And that’s crazy because he is literally just about to send out seventy people into this relatively small region, to share the gospel and get people ready for Jesus. That’s a team most pastors would envy. But it’s still not enough. He says that from the beginning, his disciples are going to be fighting an uphill battle: there’s going to be a lot to do, and not enough people to do it. 

So when he gathers these seventy together, he tells them, “I know it looks like there are a lot of you here, but the harvest is bigger than you think, and you can’t do it all alone.” So what is his solution? It’s not first to prepare and train and work to make more laborers, but to pray. 

Which is significant—because it suggests that ultimately, God is the one in charge of whether or not his harvest succeeds. God is the one who takes it upon himself to raise up laborers, and to make them ready, and to send them out. The laborers will have their part to play in all of that, but it is first and foremost his responsibility. So we should ask him to do it.

A Dangerous Mission (v. 3-4)

V. 3:

3 Go your way; behold, I am sending you out as lambs in the midst of wolves. 

So it’s going to be dangerous. You are going to have enemies, who will try and stop you and hurt you and devour you. 

But these enemies, when they encounter you, will see that you are entirely different from what they will have imagined. V. 4:

4 Carry no moneybag, no knapsack, no sandals, and greet no one on the road. 

In other words, there are two things that will set you apart. First, you will trust God so completely for your provision and protection that you will take nothing with you. Nothing that would be considered basic human needs: no money, no bags, no extra clothes. You’ll waste no time greeting people on the road. You will depend on God for your provision, and you will depend on God to fulfill his mission right on time.

The second thing which will set you apart is your disposition: you are not going out as warriors, but as “lambs” in the midst of wolves. You will not convert people by coercion or intimidation or violence, but by meekness and service. You will be humble; you will strong-arm no one. I am sending you our as laborers, not soldiers. 

Peace (v. 5-6)

V. 5: 

5 Whatever house you enter, first say, ‘Peace be to this house!’ 6 And if a son of peace is there, your peace will rest upon him. But if not, it will return to you. 

The idea of “peace” was much richer in Jesus’s culture than it is in ours—it is not merely the absence of conflict. Saying “Peace be to this house!” meant, “It is our wish that full well-being, as deep as it can possibly go, would come to you and your family.” It was a very rich way of saying that we are for you; that we want your good.

But what is crazy is not that Jesus’s followers would wish that kind of peace on others—that’s exactly why Jesus came. What is crazy is that depending on the way people responded to the gospel, whatever Jesus’s followers conveyed is what happened. The kind of peace he is talking about is something only God can give. And yet, Jesus says that if “a son of peace is there,” your peace will stay with him. The peace God gave you will be shared with him. But if not—if someone rejects the message you have come to give him—that peace will not go to them.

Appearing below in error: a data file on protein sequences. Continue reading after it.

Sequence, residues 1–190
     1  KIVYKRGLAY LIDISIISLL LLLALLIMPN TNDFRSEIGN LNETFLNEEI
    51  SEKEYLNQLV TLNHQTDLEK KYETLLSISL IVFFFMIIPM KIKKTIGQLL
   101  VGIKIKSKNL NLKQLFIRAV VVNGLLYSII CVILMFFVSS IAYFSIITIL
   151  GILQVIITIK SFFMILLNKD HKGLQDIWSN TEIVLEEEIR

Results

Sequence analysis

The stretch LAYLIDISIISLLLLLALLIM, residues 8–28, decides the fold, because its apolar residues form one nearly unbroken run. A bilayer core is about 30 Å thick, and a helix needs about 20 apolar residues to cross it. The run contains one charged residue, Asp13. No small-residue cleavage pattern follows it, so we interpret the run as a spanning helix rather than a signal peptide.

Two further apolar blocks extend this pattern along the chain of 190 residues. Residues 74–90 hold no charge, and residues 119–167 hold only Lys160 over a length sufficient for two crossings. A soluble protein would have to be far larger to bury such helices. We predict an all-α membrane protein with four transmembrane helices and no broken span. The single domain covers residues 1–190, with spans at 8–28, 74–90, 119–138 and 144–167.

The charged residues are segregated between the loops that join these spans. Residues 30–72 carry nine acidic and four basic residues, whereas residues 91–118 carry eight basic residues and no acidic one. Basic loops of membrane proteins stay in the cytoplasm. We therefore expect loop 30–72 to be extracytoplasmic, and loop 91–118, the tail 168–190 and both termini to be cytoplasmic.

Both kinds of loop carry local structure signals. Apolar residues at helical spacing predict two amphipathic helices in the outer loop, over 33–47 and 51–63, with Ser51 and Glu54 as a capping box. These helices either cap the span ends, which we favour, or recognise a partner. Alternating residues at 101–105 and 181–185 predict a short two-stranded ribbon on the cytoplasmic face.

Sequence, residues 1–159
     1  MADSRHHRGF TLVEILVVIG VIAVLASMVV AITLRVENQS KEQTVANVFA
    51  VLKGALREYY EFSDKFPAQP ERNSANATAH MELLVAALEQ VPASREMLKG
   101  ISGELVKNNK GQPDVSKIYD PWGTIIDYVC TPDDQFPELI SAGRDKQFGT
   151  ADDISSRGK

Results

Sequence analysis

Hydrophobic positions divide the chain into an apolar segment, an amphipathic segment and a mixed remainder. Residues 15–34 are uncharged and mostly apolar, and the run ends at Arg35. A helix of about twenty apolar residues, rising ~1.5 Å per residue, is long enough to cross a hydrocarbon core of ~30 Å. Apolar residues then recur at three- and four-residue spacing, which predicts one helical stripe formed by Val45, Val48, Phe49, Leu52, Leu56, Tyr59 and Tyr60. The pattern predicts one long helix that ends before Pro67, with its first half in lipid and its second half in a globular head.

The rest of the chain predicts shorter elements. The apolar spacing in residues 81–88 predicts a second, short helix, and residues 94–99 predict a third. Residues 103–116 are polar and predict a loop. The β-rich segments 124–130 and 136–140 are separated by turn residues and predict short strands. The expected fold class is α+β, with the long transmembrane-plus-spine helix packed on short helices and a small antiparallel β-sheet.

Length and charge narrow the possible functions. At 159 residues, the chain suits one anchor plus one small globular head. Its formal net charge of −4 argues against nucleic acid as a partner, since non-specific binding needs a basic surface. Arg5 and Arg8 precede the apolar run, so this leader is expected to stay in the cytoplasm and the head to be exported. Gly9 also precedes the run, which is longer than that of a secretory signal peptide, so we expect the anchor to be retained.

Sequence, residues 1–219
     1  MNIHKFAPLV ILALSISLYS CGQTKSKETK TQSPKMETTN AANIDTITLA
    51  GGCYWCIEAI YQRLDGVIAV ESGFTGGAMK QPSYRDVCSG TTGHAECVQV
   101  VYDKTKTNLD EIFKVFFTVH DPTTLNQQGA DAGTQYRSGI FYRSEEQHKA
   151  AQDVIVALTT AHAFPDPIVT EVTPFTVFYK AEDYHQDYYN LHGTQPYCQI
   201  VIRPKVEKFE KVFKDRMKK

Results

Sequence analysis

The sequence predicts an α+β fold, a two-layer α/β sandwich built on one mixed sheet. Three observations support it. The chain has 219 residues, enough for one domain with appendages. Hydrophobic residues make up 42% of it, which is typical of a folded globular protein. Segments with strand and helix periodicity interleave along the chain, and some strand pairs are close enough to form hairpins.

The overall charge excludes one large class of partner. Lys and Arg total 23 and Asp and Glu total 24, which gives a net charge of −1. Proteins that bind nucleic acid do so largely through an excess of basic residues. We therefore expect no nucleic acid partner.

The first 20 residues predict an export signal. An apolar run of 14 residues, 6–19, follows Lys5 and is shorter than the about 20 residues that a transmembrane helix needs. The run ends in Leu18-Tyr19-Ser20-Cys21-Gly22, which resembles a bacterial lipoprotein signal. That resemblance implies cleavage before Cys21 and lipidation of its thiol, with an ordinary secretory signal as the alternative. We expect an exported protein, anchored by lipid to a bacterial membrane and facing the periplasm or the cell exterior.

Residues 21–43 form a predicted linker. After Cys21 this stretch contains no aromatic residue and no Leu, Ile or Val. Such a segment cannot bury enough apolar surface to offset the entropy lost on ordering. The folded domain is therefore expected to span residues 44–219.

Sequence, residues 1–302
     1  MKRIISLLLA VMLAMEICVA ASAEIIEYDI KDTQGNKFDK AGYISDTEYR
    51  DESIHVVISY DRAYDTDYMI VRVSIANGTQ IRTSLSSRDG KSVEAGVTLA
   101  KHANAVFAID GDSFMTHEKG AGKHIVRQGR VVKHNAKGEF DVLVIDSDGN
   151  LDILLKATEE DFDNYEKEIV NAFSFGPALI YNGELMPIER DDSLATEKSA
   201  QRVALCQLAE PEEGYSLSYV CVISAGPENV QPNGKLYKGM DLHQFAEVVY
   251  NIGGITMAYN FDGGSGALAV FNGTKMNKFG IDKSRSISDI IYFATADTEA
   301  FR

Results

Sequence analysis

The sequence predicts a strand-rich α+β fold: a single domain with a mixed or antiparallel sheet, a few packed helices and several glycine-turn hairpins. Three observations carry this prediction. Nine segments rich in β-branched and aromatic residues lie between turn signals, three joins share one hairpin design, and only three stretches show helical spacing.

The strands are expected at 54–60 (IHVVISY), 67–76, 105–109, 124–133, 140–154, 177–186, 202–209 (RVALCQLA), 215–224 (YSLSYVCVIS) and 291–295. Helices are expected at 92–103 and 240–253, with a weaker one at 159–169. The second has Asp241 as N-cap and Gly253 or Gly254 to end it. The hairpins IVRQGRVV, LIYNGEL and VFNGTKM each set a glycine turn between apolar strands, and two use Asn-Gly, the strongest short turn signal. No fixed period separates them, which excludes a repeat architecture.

In other words, Jesus says, if they reject you, they reject me. To be able to be, in a sense, an ambassador for Jesus, is an insane responsibility—especially given how imperfect Jesus’s disciples were. But it is a responsibility he freely and gladly gives his followers.

The laborers should be cared for (v. 7)

Lastly, Jesus says that those who labor to share the gospel with others should be provided for by those whom he is serving.

7 And remain in the same house, eating and drinking what they provide, for the laborer deserves his wages. Do not go from house to house. 

In other words, don’t go around, knocking on door after door, looking for money or ways to provide for yourself. If they take you in and let you serve them, then they should provide for you. Why? Because how will you serve them properly if you keep having to make additional trips to find a way to provide for yourself and your family?

Especially if you're a member here, you'll have noticed that in this church we've talked a good deal about the importance of setting up a salary for the pastor of the church—whether it's myself or someone who will come after me. And I've been so encouraged by the way you've taken that responsibility seriously: it reflects what the Bible drives us all to do.

But again—why?

I knew a pastor once who worked full-time during the week for a telecommunications company, so that his church would not have the burden of paying him. His heart was in the right place, but he was misguided. It is not a burden for the church to pay their ministers; it is the most basic of obligations. If that church had paid their pastor, then he would have been free to devote himself full-time to the church, and they would have had the joy of benefiting from his full, undivided service, as well as the simple joy of knowing that they were doing the right thing.

These things directly concern the ones who are going out to spread the message of the kingdom: how to pray, how to prepare, how to minister, and how to survive while you are ministering.

Jesus will continue to speak to the seventy, but the emphasis of his statements is going to shift now: from those who are sharing the message to those who are receiving the message.


Two Responses: Receive or Reject (v. 8-16)